Children who aren't vaccinated face harsher judgment than their parents who refused immunization, says a study examining attitudes involving a contentious public health issue for which Canada lacks a national vaccination strategy.
Other kids may not want to sit next to unvaccinated students at school, work on projects with them or go on a play date at the child's house, said Prof. Richard Carpiano, lead study author and a sociologist at the University of British Columbia.
Children of so-called anti-vaxxers deal with more stigma regardless of the reasons for their parents' decision, Carpiano said of the study that focused on mothers because they typically make a family's health decisions.
Some parents don't want their children vaccinated based on long-debunked fears that vaccines cause autism, mercury poisoning or auto-immune disorders.
"Child vaccination is a complex problem that poses significant health consequences for the child and the community," said the study published this month in the journal Social Science and Medicine.
It said public health efforts to address the issue require an understanding of parents' motives and how the general public interprets them because of concerns about the high risk of unvaccinated or under-vaccinated kids spreading infectious diseases, such as measles, mumps and whooping cough.
The study was based on data collected from a July 2015 online survey of 1,469 U.S. respondents, though Carpiano said the results are just as applicable in Canada.
Respondents were randomly assigned to read one of four scenarios. They included a mother who refused to vaccinate her child, another who delayed immunization over safety concerns, while a third mother's job and family demands left no time for medical appointments, and a fourth, who represented a control group, ensured her child received the recommended vaccinations.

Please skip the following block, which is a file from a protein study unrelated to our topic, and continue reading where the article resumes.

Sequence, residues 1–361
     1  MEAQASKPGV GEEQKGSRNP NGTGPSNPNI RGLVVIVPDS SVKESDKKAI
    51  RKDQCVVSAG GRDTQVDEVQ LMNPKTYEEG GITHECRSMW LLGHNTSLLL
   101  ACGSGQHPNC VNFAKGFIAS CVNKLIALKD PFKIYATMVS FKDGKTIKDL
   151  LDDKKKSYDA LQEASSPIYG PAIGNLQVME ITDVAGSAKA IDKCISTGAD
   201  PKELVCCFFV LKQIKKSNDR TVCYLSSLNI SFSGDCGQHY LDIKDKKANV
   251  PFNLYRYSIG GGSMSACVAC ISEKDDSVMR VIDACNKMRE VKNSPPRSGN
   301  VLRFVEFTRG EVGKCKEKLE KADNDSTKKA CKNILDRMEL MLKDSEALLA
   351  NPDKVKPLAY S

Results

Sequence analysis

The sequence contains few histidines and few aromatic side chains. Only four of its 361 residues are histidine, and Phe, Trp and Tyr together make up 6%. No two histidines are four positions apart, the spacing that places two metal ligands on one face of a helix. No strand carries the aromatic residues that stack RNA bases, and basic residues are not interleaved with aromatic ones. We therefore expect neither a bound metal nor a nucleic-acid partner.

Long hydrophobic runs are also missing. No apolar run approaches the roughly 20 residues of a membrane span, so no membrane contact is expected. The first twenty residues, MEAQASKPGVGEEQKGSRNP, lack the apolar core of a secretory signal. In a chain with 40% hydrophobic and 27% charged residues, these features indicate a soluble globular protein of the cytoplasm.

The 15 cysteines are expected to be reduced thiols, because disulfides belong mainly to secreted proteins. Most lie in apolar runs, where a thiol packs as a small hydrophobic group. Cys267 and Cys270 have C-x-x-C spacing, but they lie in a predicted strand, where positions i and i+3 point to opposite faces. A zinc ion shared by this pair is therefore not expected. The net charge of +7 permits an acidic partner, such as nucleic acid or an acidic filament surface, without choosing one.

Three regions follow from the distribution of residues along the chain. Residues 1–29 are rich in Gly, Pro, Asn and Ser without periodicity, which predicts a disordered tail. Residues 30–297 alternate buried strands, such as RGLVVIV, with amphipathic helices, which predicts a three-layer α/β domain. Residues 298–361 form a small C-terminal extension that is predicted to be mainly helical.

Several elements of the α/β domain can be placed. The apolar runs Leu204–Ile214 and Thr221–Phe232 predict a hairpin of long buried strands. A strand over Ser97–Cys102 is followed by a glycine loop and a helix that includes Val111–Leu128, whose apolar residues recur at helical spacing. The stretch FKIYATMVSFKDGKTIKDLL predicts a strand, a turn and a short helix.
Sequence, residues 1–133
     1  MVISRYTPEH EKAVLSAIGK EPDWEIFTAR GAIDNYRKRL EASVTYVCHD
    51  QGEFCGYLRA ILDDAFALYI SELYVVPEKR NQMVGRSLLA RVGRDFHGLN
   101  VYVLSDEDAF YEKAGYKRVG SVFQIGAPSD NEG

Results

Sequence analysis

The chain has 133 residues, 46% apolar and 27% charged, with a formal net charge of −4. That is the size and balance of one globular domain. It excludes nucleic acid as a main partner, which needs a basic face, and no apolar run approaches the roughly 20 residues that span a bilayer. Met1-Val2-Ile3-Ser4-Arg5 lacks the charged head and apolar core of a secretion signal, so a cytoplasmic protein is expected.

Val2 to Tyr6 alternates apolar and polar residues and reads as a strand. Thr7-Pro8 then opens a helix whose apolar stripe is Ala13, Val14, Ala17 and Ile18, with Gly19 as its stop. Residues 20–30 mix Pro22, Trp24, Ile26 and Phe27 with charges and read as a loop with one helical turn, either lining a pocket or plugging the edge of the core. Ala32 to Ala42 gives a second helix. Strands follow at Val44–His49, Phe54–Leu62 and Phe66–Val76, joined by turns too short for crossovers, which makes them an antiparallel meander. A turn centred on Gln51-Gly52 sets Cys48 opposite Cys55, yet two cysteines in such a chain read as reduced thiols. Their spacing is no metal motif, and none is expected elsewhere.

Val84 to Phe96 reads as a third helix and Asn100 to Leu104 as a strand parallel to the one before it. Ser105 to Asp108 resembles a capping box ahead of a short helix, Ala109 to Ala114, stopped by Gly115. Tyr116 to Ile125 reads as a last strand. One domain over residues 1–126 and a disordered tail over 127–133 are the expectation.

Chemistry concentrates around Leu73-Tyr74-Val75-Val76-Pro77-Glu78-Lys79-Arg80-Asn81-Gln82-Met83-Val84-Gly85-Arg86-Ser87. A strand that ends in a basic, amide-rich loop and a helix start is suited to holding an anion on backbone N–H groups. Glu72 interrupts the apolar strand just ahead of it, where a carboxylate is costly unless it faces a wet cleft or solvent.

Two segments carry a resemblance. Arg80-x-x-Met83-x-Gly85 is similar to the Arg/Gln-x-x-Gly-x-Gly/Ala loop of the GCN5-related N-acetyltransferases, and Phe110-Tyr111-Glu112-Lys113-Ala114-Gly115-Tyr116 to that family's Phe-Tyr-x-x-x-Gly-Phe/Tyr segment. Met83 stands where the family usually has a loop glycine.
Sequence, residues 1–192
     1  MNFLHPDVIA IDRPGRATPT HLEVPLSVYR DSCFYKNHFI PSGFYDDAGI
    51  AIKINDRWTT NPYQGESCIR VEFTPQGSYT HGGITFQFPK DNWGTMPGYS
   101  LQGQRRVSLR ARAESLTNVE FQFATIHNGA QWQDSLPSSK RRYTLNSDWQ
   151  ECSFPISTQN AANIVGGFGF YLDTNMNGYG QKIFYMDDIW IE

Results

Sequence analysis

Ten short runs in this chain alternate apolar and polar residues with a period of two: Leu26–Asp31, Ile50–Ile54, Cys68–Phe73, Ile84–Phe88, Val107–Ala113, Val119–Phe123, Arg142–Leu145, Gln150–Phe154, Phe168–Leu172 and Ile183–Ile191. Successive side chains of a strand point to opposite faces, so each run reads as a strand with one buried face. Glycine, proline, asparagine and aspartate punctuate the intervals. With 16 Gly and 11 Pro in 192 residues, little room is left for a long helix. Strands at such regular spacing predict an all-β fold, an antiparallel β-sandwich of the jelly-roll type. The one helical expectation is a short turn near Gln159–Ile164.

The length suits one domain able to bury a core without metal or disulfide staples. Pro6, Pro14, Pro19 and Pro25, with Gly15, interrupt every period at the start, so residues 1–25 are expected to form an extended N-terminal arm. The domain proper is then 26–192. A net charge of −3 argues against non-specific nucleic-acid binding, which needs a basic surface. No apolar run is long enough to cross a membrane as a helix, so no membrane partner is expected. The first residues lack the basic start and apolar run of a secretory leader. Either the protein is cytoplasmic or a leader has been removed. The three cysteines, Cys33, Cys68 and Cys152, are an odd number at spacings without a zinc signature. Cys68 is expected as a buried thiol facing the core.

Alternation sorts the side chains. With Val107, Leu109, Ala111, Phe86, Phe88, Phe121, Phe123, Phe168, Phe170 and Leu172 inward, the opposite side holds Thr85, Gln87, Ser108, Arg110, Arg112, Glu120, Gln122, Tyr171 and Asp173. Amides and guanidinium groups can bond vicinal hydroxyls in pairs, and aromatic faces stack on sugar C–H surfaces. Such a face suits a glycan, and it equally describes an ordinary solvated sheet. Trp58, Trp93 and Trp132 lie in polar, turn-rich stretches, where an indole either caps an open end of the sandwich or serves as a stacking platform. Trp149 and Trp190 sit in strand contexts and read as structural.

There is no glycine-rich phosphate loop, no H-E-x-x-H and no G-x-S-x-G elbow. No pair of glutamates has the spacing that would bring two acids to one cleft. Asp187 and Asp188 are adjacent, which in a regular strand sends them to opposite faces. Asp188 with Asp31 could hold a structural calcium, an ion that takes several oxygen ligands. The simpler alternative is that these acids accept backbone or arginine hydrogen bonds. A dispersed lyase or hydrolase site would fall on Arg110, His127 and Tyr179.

"People may be more likely to blame and express anger toward parents who intentionally choose to refuse or delay vaccinations for their children, but more likely to express sympathy for a parent who encounters barriers to accessing vaccinations," sometimes due to lack of medical services in their area, the study says, adding children face discrimination regardless of the reasons they were not vaccinated.
Survey respondents with the strongest reactions were more likely to support policies such as parents being notified about vaccination rates at their child's school or kids being banned from school until they're up to date with immunizations, Carpiano said.
"When I tell people I study this I get some very energetic reactions, to put it kindly," he said. "People immediately say, `Oh, those crazy people,' or 'Those people are nuts.' It's hitting at a dear-held value about health, about child welfare, about parenting and more broadly, about community."
Carpiano said policy-makers should focus vaccination messages on parents who delay immunization, often as they seek information, rather than on the small but vocal minority of "anti-vaxxers."
Immunization rates in Canada vary among provinces but the issue is complex because there is no national plan that monitors rates, which are believed to be as low as 85 per cent but should be closer to 95 per cent, he said.
In Ontario, for example, students whose vaccination records aren't up to date can be suspended from school for up to 20 days under the Immunization of School Pupils Act.
That was the case in December 2015, when Ottawa Public Health suspended 900 elementary students after 5,000 notices of suspension were sent to parents.
The issue prompted Ontario's health minister to say the province will require parents to attend education sessions if they choose not to vaccinate their kids and put others at risk.